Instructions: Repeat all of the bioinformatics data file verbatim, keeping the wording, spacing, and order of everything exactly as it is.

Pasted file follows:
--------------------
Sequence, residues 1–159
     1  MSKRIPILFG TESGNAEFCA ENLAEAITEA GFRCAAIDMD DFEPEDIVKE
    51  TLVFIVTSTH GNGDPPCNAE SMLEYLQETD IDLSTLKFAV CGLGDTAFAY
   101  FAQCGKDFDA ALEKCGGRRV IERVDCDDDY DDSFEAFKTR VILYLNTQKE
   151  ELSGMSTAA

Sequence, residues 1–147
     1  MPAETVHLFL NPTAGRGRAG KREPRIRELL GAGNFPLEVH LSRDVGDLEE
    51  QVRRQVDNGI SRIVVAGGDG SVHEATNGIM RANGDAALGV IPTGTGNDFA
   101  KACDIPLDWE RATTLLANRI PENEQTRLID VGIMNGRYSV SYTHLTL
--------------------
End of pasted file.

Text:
Sequence, residues 1–159
     1  MSKRIPILFG TESGNAEFCA ENLAEAITEA GFRCAAIDMD DFEPEDIVKE
    51  TLVFIVTSTH GNGDPPCNAE SMLEYLQETD IDLSTLKFAV CGLGDTAFAY
   101  FAQCGKDFDA ALEKCGGRRV IERVDCDDDY DDSFEAFKTR VILYLNTQKE
   151  ELSGMSTAA

Sequence, residues 1–147
     1  MPAETVHLFL NPTAGRGRAG KREPRIRELL GAGNFPLEVH LSRDVGDLEE
    51  QVRRQVDNGI SRIVVAGGDG SVHEATNGIM RANGDAALGV IPTGTGNDFA
   101  KACDIPLDWE RATTLLANRI PENEQTRLID VGIMNGRYSV SYTHLTL